On another thread, someone posted a link to long document on the memoir class. I’ve gone through it and tried to make changes to the txt file that I get after exporting the draft from Scrivener. The only things that I’ve managed to do without getting an error message is change the paragraph indent and create block quotes (hurrah!!!).

I thought I was understanding the commands, but I’m either not or I’m screwing up with inserting them into the txt file. Here’s what I’d like to do: 1) skip a line between paragraphs (I inserted \parskip{12pt} in a few places and got nothing); 2) have the titles be without the little numbers next to them (eg, go from “1.2 Section Title” to “Section Title”); 3) figure out how to have double spacing just in case I’d like to have a document with that one day.

Also, when I open up the txt document that’s created after the scrivener export, I see that it begins with “\documentclass[10pt,oneside]{memoir}”. I thought that one way to get around my problem with making these little changes would be to change the document type. In Scrivener’s MMD options, I changed the XSLT file metadata to “book” once and “article” another time. I made the same changes to that first line (\documentclass…) in the txt file, inserting article/book in place of memoir. I either got no changes in the pdf file or I received an error message and I couldn’t get a pdf file out of it.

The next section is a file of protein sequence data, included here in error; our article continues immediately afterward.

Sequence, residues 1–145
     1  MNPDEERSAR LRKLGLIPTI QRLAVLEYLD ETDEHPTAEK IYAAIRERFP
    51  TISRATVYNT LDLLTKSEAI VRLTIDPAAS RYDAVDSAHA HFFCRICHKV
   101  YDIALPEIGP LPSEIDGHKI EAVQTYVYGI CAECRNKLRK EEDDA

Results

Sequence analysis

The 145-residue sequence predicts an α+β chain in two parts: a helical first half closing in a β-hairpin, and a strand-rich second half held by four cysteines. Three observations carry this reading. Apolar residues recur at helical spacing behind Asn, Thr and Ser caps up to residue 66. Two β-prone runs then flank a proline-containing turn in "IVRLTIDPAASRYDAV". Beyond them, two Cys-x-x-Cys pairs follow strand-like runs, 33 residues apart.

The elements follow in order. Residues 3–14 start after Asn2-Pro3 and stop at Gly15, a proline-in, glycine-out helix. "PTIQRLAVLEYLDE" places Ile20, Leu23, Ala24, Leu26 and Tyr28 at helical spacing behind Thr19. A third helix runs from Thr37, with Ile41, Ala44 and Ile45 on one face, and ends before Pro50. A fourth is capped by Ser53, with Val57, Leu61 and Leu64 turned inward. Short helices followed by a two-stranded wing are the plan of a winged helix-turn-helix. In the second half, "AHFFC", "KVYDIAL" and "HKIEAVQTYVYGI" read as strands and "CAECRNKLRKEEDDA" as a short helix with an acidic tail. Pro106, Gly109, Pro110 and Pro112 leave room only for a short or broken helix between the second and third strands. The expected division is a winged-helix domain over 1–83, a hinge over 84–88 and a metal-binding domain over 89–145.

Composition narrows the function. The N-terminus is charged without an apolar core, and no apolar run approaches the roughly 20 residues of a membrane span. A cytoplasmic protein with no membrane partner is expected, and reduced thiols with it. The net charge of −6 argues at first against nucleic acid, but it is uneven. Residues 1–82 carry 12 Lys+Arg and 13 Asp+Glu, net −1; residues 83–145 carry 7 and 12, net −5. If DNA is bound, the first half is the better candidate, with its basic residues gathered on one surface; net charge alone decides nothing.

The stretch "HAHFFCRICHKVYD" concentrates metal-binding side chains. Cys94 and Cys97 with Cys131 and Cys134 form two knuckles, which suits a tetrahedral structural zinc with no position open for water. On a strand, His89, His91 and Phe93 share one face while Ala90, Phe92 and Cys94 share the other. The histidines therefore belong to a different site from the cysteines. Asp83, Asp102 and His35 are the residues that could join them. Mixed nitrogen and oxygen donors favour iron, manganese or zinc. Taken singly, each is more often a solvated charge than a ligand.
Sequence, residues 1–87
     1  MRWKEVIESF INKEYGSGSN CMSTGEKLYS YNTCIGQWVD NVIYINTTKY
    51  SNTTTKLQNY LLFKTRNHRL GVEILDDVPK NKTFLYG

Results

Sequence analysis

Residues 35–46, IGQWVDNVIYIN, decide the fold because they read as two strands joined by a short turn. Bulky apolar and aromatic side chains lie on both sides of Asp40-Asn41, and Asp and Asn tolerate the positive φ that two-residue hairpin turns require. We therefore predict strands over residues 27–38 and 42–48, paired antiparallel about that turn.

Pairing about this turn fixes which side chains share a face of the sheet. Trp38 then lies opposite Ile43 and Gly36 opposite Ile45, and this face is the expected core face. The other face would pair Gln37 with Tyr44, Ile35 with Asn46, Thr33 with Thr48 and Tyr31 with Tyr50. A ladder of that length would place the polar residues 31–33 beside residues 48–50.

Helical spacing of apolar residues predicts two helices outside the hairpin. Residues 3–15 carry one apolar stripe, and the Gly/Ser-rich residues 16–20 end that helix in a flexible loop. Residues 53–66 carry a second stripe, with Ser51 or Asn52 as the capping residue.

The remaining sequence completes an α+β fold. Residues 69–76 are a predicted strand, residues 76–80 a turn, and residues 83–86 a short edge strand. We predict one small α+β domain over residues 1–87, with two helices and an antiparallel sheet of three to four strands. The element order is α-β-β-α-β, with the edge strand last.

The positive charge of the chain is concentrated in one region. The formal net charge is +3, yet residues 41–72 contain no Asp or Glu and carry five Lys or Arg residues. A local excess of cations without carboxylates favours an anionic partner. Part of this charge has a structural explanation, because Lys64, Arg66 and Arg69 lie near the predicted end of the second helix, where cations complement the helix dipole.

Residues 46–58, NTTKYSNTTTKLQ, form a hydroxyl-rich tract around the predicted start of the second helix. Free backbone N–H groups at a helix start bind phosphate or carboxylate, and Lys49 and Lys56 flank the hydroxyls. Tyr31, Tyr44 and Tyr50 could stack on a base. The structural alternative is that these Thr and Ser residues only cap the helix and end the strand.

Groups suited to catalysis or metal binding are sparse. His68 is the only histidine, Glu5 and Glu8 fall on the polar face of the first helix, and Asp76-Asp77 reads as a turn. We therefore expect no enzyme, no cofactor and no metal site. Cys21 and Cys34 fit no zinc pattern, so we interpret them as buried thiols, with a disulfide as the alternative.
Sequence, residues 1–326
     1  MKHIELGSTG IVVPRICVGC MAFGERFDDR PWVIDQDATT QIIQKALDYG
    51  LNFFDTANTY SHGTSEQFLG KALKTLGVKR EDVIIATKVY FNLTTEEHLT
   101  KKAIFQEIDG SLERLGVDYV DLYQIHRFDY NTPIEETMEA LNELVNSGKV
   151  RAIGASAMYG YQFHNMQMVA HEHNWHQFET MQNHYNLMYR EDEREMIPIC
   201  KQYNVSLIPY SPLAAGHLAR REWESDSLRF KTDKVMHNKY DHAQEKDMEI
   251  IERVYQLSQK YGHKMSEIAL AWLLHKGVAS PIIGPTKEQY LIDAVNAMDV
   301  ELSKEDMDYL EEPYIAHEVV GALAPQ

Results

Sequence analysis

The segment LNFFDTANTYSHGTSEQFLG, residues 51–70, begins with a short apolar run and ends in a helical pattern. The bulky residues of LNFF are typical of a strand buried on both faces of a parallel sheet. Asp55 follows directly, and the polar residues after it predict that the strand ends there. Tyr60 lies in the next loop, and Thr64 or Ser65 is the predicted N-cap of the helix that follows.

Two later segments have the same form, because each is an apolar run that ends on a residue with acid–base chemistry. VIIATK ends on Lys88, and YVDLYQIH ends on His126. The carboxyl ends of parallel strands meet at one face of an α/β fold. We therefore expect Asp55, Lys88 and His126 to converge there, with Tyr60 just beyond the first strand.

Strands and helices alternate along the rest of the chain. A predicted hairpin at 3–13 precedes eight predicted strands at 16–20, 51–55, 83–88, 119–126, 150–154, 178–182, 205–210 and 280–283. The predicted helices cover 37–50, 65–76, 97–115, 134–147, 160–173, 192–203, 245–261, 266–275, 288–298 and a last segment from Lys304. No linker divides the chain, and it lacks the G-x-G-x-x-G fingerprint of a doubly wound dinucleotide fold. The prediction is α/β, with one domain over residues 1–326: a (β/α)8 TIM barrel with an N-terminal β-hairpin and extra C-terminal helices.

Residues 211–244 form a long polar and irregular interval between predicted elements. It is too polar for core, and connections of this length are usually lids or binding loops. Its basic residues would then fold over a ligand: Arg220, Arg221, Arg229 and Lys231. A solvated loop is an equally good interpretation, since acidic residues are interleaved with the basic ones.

At the end of the day, the only thing I really want to do is make some very, very basic stylistic changes (the four that I listed above).